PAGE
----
Small-form-factor (SFF) PCs and servers can now adopt multi-processing with the unveiling of VIA Technologies’ EPIA DP-310 motherboard at CeBIT 2005. The Mini-ITX (17x17cm) board is powered by two 1GHz Eden-N processors coupled with the company’s CN400 chipset featuring DDR400 memory support, integrated 128-bit UniChrome Pro graphics and hardware acceleration for MPEG-2 and MPEG-4.
Peripheral features of the board include one Gigabit Ethernet port, two Fast Ethernet (10/100Mbps) ports, one PCI slot, one Mini-PCI Type IIIA connector, one Ultra ATA/133 connector, two Serial ATA channels (with RAID support), up to four USB ports and VIA’s Vinyl Six-TRAC audio codec. “In bringing dual-processing to the Mini-ITX platform, VIA has raised the bar yet again for small form factor innovation on the x86 platform,” stated Richard Brown, associate vice president of marketing at VIA.
According to VIA, the new motherboard has been released to target “corporate system integrators, embedded application developers, enthusiasts, and other small-form-factor system builders.” The company mentioned so-called “appliance servers” as one of the possible application areas for the EPIA DP-310 and other boards with similar features. VIA defines these servers as “network-enabled, service-dedicated devices designed to deliver a single service or function across the corporation or a workgroup.” Following this definition, a typical appliance server might manage functions such as web caching, security operations (for example firewall, anti-virus, VPN or encryption), personal storage and backup or Internet access.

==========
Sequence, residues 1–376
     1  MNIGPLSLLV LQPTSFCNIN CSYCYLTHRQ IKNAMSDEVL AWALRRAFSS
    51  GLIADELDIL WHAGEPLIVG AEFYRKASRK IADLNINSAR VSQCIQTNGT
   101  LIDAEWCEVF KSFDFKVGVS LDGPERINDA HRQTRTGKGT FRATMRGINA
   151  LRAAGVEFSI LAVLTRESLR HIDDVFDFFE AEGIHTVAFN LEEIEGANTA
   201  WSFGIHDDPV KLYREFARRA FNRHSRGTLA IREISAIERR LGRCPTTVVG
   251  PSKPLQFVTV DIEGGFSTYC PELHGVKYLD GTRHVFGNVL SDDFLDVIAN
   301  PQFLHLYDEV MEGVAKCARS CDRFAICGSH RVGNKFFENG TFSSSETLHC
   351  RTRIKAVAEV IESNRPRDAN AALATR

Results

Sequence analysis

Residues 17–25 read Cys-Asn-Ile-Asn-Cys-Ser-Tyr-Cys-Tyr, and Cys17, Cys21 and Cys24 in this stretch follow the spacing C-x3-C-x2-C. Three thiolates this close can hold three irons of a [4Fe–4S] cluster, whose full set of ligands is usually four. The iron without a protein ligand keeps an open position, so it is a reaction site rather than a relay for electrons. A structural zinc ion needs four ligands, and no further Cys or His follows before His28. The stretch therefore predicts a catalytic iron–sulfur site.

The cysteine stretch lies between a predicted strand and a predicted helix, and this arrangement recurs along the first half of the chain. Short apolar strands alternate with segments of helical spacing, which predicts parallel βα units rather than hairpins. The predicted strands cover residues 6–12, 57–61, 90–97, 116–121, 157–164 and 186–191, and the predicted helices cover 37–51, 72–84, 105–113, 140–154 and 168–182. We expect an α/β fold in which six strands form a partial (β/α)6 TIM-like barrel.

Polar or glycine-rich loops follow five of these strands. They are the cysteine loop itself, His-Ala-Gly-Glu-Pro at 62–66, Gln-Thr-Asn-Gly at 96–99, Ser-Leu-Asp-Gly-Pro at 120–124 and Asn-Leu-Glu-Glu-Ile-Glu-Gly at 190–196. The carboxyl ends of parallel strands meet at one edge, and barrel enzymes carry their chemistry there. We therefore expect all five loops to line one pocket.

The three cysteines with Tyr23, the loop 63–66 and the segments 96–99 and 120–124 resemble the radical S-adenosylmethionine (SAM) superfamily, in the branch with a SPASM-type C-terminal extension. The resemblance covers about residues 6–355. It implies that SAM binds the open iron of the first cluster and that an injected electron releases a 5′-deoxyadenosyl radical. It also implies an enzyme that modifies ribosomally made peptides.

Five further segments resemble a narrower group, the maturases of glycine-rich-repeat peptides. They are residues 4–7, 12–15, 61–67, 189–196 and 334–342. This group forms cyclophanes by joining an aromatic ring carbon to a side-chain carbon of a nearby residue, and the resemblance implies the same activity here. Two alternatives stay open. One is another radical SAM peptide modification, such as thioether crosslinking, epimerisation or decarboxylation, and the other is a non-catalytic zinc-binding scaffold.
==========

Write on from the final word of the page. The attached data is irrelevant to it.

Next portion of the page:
A few lesser-known companies, such as Bleu Jour from France, IPC2U from Germany and Mirra from the US, were named at CeBIT as system integrators supporting the EPIA DP-310. According to VIA’s estimates, the board will begin mass production at the beginning of May. Finished products are expected to be ready for market in the second half of this year.
VIA’s EPIA DP-310 board is powered by two 1GHz Eden-N processors
The two 1GHz Eden-N processors share a single cooler.
Photo: Vyacheslav Sobolev, DigiTimes.com, March 2005.